January 18, 2015

The EV chicken-and-egg problem has hatched several solutions

When automobiles first started to make roads noisy and dangerous, nobody had to worry about where they were to get the gas: of course you got it from your local gas station. People had not yet been bitten by the travel bug, and weren't used to straying that far from home. Besides, before the Interstate highway station was built it was nearly impossible to traverse the country in a car, anyway.

The advent of the electric car has seen a few road blocks, so to speak. Apart from the fact that better batteries urgently need to be invented, we have been bitten by the road trip bug, we do have a network of highways on which we can travel coast to coast, and we got used to traveling a few hundred miles to see friends and relatives over a weekend. And short of going around in circles in some remote area, we can be assured that we'll be able to fill up the tank. Because there is also a dense network of gas stations. You get used to it.

So an electric vehicle, or EV, that has a range of less than 100 miles is just not an impressive thing, especially if you can't be sure that you'll find a charging station once you get more than 50 miles away from your home charger. In fact, for many it's just not a practical thing.

Here is the conundrum: “Why would anyone buy an electric vehicle if there were no place to charge them? And why would you put chargers out there if there were no electric vehicles? Somebody had to blink.”

The quote is from Kent Rathwell. You can call him The Guy Who Blinked. Rathwell started providing chargers to whoever was interested: places like restaurants, hotels, and stores, through his company, Sun Country Highway (nearly eponymous with his other company, Sun Country Farms, which produces bird seed).

After bringing his persistent persuasion everywhere, eventually Rathwell completed a network of chargers that runs coast to coast in Canada, where any EV can pull up and charge for free.

This screen shot of Sun Country Highway's charger map shows a rather robust network of chargers, and more are being added. For instance, the network now extends into California and other parts of the US.

The US has its own coast-to-coast charging network, courtesy of Tesla who, understandably, is eager to break the chicken-and-egg conundrum of EVs. This network has several branches traversing the country, but is quite a bit sparser than the Canadian network, a clear demonstration of the power of crowdsourcing.

Of couse, there are many more charge points that aren't on either of these maps; I'll cover those in another post. But these are the networks built with the express purpose of connecting the coasts.

And now EV owners in China can drive between Beijing and Shanghai by charger-hopping the first segment of the network installed by State Grid, the electric utility which is, as its name suggests, state owned.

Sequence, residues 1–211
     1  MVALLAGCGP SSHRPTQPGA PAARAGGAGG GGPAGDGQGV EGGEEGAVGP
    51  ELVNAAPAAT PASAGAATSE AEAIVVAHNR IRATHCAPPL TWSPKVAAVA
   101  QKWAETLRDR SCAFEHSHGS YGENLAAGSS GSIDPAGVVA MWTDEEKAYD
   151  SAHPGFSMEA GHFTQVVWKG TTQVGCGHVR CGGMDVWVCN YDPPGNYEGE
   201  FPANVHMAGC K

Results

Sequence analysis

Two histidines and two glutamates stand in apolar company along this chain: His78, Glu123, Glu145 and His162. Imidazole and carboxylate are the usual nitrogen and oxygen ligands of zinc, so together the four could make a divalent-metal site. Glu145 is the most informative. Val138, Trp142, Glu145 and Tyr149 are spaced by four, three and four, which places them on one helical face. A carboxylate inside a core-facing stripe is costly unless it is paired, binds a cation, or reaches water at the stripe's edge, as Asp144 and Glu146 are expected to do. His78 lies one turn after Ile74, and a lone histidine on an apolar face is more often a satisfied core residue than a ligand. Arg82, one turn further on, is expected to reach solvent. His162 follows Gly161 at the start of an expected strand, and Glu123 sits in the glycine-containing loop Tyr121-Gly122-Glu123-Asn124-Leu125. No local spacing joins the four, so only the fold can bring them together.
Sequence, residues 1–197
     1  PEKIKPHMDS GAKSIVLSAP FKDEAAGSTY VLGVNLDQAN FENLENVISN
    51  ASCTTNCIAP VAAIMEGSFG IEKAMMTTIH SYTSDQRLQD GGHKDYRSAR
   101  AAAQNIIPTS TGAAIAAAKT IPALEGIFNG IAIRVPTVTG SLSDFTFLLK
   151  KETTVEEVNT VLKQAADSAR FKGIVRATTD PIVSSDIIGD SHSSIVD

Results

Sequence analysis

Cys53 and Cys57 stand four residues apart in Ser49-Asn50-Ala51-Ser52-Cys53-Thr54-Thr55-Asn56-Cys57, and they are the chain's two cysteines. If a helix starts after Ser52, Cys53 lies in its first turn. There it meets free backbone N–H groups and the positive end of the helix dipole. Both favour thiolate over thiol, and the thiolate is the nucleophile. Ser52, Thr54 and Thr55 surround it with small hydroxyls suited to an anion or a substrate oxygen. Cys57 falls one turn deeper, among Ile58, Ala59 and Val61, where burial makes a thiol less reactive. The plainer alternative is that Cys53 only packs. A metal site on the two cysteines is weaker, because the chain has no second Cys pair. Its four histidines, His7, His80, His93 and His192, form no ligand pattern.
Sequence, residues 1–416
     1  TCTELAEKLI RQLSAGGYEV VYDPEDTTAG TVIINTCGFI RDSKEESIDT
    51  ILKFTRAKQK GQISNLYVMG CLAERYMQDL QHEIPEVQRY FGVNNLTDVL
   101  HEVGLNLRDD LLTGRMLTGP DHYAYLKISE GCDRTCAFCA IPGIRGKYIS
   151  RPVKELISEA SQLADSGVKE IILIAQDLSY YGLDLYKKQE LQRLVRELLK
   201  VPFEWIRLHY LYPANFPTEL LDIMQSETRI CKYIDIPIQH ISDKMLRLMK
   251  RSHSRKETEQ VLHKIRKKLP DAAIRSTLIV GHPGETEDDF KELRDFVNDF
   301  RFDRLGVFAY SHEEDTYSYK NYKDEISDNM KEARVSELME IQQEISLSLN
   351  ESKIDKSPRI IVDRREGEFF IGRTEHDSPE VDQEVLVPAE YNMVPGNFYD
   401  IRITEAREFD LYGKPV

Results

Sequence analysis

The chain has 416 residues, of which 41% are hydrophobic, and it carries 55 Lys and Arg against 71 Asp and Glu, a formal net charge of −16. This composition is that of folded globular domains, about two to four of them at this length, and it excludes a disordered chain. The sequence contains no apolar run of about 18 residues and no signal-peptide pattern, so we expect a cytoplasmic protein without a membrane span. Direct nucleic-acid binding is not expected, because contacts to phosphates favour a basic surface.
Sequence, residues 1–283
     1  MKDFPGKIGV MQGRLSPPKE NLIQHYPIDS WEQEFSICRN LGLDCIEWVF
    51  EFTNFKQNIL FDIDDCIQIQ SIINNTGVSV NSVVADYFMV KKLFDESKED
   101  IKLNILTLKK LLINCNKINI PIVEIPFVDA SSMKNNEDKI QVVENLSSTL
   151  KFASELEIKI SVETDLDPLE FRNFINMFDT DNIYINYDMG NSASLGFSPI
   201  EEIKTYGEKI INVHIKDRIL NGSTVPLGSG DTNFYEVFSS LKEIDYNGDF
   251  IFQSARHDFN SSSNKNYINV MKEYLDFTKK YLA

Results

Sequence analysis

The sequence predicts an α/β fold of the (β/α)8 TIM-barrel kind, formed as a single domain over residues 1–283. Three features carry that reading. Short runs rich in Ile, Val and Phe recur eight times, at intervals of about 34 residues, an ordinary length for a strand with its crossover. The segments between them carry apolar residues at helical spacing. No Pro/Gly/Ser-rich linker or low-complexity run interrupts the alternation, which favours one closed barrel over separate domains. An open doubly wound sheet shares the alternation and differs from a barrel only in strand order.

These charging stations are utilitarian boxes, without the sleek design that comes standard with anything Tesla. But they do the job, so those who want to drive the first 1200km segment can cover the distance.

It does take a while. This map shows the route between Beijing and Shanghai: it takes more than 13 hours to drive it by car - that's not including charging stops. In contrast, if you take the bullet train on the Jinghu High-speed Railway, the journey will take less than six hours: not even enough time for a good night's sleep. Just sayin'.

Still, when China determines that it will make it its business to support green vehicles, you can be sure it will do so in a big way. So stay tuned for further developments.

In the end, whether the cross-nation network gets installed by an independent enthusiast spearheading a crowdsourcing effort, an EV manufacturer or a government, is less important than that it gets built. After this, the switch to EV will be easier for a lot of people. That's what counts.



You may also like:
1. EV Unplugged: the TRULY zero emission electric car
2. Of Electric Vehicles and the Intergluteal Cleft
3. The Car of the Future Comes to Singapore



  1. What an interesting post. To be honest, I've never thought about the practical day-to-day use of an electric car and where people could find a charger. You're so right ... the important thing is to get them built. It's especially important right now since gas is so cheap ... I've heard that the move towards large, gas-guzzling cars is back on and that's tragic. We must make it more appealing to drive electric.

    1. Thanks, SF!
      There are several apps that help you find charging stations - I should write a post about that. They're in most large cities now.

      The sales of gas guzzlers has indeed ticked up -sigh- but that is as short-lived as low gas prices. I personally don't think gas prices will stay this low for too long.

  2. It certainly puts people off from owning an electric car. There are not nearly enough stations, especially if people want to travel to remote areas. I agree that the batteries will have to be designed to be more efficient under these circumstances.


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